I have been diving in to the FASB’s (and IASB’s) newly-energized discussions on cash flow reporting.  One of the most contentious aspects of the issue is that users want direct cash flow data that reports the inflows and outflows, broken down by the function and nature of the spending.  For example, is that cash outflow part of the cost of goods sold or an administrative expense?  Is it for labor or the leasing of fixed assets?  The comment letter of the Investors Technical Advisory Council is pretty typical of the user view:

“[D]isaggregation by nature provides the most relevant information for financial decision-making. As the DP itself recognizes, disaggregation by nature better reflects the economic drivers and provides information investors need to evaluate risks and trends and to better assess the amounts, timing, and riskiness of a company’s future cash flows.”

Preparers argue that providing such information would be prohibitively expensive, because internal bookkeeping and reporting systems are not typically devised to provide this information.  A comment letter from the Institute of Management Accountants goes even further, arguing that the high cost of changing systems also proves that the information would not be useful to users.  From the letter:

“It is important to note that management is generally not generating or utilizing direct cash flow data to run their businesses. They rely primarily on operating earnings metrics, supplemented by balance sheet metrics and cash flow data generated through the use of indirect-method processes. Companies have spent millions of dollars designing and installing financial systems to gather this data. If management felt additional cash flow granularity was an important information component for understanding and running the business, they would have already made choices to invest in this or similar capabilities. Therefore, we question the necessity of this detail and the value it would provide for outside investors.”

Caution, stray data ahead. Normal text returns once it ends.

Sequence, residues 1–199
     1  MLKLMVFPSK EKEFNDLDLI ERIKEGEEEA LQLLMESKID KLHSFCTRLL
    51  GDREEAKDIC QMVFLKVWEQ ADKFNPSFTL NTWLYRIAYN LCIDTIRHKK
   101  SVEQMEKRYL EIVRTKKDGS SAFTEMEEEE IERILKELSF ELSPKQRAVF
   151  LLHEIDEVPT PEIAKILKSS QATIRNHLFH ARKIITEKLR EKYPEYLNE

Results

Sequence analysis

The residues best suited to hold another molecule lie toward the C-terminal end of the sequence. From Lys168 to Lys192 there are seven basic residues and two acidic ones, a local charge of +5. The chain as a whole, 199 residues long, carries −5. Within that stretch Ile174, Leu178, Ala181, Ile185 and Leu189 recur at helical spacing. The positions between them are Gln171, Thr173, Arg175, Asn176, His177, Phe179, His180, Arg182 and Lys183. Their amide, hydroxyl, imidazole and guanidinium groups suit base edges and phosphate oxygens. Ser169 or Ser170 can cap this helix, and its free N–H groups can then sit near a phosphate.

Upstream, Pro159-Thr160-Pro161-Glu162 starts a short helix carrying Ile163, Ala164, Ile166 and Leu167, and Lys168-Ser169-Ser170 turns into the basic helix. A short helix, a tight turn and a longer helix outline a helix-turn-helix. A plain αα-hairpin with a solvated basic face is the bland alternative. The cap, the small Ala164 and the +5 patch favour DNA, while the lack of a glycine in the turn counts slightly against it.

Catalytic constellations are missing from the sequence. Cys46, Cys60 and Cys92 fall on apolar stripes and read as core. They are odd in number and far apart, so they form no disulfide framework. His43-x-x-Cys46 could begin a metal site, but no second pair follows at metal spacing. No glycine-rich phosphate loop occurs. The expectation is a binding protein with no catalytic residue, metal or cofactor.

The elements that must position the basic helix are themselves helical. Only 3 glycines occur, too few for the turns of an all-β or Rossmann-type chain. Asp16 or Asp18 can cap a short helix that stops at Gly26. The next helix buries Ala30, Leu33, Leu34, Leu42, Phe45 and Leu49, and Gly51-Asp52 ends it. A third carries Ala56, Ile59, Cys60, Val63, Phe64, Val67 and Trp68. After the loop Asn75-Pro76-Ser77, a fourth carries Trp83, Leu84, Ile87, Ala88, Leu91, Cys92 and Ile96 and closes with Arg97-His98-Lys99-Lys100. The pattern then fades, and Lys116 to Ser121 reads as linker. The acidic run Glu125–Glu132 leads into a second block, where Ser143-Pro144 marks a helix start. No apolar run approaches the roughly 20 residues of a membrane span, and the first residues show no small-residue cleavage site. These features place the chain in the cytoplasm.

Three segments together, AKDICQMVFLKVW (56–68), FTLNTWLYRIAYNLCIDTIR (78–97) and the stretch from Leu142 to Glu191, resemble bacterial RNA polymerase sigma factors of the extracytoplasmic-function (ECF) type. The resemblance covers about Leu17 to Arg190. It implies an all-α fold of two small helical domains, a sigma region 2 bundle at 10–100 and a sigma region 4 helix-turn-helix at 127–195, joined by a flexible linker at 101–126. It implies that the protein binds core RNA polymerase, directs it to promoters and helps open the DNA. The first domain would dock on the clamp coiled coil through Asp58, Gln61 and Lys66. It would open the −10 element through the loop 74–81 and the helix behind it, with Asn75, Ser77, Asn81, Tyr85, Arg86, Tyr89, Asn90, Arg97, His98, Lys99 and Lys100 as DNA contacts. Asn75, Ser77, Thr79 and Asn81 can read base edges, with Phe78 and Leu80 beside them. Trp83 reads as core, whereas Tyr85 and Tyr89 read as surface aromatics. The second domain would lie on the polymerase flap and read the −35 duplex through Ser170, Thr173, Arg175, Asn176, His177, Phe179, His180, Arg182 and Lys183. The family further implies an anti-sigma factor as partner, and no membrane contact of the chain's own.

I have heard many times that FASB staff and Board members are skeptical of preparers’ views of what users do or should find useful.  After all, users are in a much better position to judge their own information needs.  However, this argument seems to have more merit, as it isn’t simply cheap talk – preparers are putting their money where their mouths are.  But is the interpretation so simple?  Some observations:

  • The foundation of principal-agent theory is that managers’ objectives differ from the objectives of those that hire them (the stockholders).  So clearly the IMA argument is not the end of the story.
  • On the other hand, the existence of some moral hazard doesn’t completely kill the argument — stockholders implement incentive schemes to align managers’ and shareholders’ objectives (albeit imperfectly).  To the extent that reporting serves a stewardship function (influencing managers’ actions) rather than purely a capital allocation function, I think the argument is reasonably persuasive unless we believe that moral hazard problems are very severe.
  • However, if we ignore the stewardship function of reporting, there might be a completely different counterargument. Even if there were no moral hazard issues, and managers and investors’ interests were perfectly aligned, it might still be that the information useful in running a business is simply different from the information useful in valuing a business.

There must be some literature on this topic … any insights would be greatly appreciated!